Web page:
To him I may be a dork, but I am his dad and I count myself very lucky to have a 12 year old son who lets me, hug, love and teach him. Those moments may have to be a little more hidden than in the past, so as not to risk the appearance of being uncool. Yet I receive with such joy the simple statement, especially when said in front of a group of other teenagers, “love you dad”. That to me is the perfect example of cool.

Learning is a 360-degree process. Our best lessons come often from those with the least amount of life experiences. Maybe that is due to their eyes not yet being clouded by cynicism, which can prevent one’s ability to see the truth and find the answers we are seeking. I have learned a lot from my son and I am very proud of him, something I try to share often. Yet in a house where the lifeblood is sarcasm and humor, my praise is often disguised in that context. So, I thought I would share with him and all of you some of the lessons he has taught me.

Envision the future, know your desired outcome and take action. When I was 12, I never even had a clue of what I wanted. My son, he wants to be a macro economist and has said so for a couple of years. His teaching is in the fact that he did not allow his desire to be simply talk. He took action to get himself closer to his goal. He has chosen to push himself academically; he is a full-time college student at Delta College (at 12, right). He even asked my wife and me if he could take summer semesters to even finish faster. He knows where he wants to be, he understands what it will look like when he gets there and he is taking the needed steps to get there now; a pretty good lesson for all business leaders.

Drive in stride. My son is driven, as well as, his younger brother, mom and dad. I guess it is a family trait. Yet where he separates himself is in his ability to face the pressure that emanates from being driven with a sense of calm and stability. He somehow naturally absorbs stress, understands it is transitory, and that life continues regardless. He is able to juggle school and extracurricular activities and still find the time to be a 12 year-old that plays and hangs out with friends. He does it all with grace and in the absence of worry and anxiety, he is able accomplish so much in such short periods of time. I am not sure if that is because he understands that these demands are temporary, and therefore, grasps the foolishness in his getting lost in worry or, if he is just oblivious. Nevertheless, it is a great reminder of how we would all benefit from letting go of the worry and just focusing on the task at hand.

Embrace embarrassment. We were talking about this before he left for a school dance about a year ago. We discussed the fact that there would be dancing at this party and that he is always the one willing to get out on the floor first and make a fool of himself. Once he did that, it was as if it gave permission to the others to do the same. This is a lesson on the benefit of vulnerability. Leaders who show vulnerability, which is different from weakness, empower their teams. It communicates that to try and fail, to feel silly, or to be out of one’s comfort zone is okay. That to feel exposed and to place your self-identity at risk in order to grow should be applauded not feared. We are often trapped by the sense of self we feel we must portray and therefore, suppress our true self from fully manifesting. So it is good to find yourself a little embarrassed, it signals that you are pushing past what makes you comfortable.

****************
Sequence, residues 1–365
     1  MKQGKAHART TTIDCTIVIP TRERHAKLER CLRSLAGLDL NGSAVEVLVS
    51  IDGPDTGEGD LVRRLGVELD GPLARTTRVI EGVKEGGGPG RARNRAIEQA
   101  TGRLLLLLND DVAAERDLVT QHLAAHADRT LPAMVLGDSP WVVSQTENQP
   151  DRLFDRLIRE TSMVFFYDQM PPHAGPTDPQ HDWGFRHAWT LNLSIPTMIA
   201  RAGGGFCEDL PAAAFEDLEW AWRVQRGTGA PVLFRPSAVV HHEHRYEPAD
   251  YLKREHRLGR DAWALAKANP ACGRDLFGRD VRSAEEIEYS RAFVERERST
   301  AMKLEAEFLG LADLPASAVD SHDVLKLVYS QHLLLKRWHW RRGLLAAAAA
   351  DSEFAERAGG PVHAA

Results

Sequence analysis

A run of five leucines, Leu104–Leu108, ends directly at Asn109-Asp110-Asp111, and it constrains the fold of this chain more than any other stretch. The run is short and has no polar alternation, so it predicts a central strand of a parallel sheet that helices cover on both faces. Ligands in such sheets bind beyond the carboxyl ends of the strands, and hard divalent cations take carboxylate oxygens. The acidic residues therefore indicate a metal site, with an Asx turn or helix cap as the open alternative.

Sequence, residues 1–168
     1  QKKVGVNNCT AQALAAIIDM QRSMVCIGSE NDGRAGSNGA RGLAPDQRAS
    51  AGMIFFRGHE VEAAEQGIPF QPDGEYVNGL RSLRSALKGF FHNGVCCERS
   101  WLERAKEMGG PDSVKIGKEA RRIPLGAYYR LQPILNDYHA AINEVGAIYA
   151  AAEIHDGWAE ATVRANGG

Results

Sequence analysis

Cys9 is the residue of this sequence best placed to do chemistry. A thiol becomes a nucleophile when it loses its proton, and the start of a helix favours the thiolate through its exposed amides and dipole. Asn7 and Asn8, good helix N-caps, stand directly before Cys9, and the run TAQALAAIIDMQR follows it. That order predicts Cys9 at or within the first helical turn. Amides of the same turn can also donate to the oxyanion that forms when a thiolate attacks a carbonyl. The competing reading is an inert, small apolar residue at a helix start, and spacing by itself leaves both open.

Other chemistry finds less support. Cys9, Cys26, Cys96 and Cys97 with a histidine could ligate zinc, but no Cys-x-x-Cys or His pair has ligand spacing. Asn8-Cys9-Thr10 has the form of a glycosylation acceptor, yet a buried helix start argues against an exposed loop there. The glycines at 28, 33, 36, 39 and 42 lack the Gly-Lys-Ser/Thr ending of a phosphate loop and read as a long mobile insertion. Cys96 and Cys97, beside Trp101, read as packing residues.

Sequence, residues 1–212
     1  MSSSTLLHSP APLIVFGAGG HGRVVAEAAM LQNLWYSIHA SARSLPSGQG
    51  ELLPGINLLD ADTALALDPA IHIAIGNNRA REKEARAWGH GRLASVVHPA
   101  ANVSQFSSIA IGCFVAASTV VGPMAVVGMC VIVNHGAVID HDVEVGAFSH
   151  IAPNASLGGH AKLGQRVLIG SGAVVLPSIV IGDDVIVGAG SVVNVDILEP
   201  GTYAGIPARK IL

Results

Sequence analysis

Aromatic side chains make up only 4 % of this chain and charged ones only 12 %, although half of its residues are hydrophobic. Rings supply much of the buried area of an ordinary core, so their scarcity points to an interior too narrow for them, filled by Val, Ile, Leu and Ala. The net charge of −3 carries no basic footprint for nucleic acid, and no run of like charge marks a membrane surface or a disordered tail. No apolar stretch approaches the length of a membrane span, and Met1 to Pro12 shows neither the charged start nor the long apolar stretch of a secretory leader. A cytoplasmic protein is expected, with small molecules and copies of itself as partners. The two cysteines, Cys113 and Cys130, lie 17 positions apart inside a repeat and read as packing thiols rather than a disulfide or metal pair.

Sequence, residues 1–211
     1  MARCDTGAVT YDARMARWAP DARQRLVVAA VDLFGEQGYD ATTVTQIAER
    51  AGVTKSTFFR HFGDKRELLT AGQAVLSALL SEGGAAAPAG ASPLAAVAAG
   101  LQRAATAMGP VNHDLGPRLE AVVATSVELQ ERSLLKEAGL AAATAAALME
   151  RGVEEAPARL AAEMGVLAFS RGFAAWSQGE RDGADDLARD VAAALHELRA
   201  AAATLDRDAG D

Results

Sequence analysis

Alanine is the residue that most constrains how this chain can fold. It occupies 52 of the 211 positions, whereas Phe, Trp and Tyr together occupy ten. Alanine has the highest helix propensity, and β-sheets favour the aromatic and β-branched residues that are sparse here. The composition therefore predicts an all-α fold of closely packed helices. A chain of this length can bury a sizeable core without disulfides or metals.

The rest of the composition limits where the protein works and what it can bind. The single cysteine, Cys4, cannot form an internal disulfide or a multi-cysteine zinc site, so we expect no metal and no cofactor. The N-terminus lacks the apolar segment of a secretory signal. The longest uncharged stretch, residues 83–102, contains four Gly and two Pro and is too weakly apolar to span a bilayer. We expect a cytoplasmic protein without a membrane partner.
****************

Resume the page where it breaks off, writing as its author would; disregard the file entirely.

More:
Jason Pries TylorI am grateful for the wise and somewhat oblivious teacher I find in my son. Now if he only learned to not eat us out of house and home and ditch some of the teenage drama, all would be great. The most important learning is that we should all be aware that lessons can appear from the most unlikely of sources, colleagues, employees, friends, neighbors and even 12-year-old’s. The key is to seek knowledge and remain open, receptive and curious. One source for me is in my work to help people grow. In doing so, I find myself growing as well. The teacher becomes the student and the student the teacher. Learning is cool, just ask my son.

Closing Remarks

Now, I’d love to hear from you.

“I would be interested to know in what unexpected places you have found wisdom and knowledge.”

What part of this conversation was most impactful for you? Leave a comment below and let me know.

Remember, share as much detail as possible in your reply. Thousands of incredible souls come here each week for insight and inspiration and your story may help someone have a profound shift.

Important: share your thoughts and ideas directly in the comments. Links to other posts, videos, etc. will be deleted as they come across as spammy.

Thank you for reading, watching and adding your voice to the conversation.

With that said, “We have great challenges and great opportunities, and with your help, we will meet them together!” – Jason